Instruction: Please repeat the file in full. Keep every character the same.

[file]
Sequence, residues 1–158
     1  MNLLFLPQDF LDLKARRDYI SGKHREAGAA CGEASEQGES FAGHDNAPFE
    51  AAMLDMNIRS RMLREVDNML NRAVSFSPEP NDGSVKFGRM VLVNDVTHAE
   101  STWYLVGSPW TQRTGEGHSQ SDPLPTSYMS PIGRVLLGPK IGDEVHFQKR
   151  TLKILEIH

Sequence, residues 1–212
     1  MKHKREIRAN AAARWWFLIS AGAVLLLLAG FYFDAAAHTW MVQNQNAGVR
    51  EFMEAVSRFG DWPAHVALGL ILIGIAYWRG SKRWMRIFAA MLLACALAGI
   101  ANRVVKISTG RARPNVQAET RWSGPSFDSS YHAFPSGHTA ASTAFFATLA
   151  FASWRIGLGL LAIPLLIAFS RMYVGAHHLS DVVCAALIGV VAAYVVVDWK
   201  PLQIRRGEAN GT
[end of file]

Sequence, residues 1–158
     1  MNLLFLPQDF LDLKARRDYI SGKHREAGAA CGEASEQGES FAGHDNAPFE
    51  AAMLDMNIRS RMLREVDNML NRAVSFSPEP NDGSVKFGRM VLVNDVTHAE
   101  STWYLVGSPW TQRTGEGHSQ SDPLPTSYMS PIGRVLLGPK IGDEVHFQKR
   151  TLKILEIH

Sequence, residues 1–212
     1  MKHKREIRAN AAARWWFLIS AGAVLLLLAG FYFDAAAHTW MVQNQNAGVR
    51  EFMEAVSRFG DWPAHVALGL ILIGIAYWRG SKRWMRIFAA MLLACALAGI
   101  ANRVVKISTG RARPNVQAET RWSGPSFDSS YHAFPSGHTA ASTAFFATLA
   151  FASWRIGLGL LAIPLLIAFS RMYVGAHHLS DVVCAALIGV VAAYVVVDWK
   201  PLQIRRGEAN GT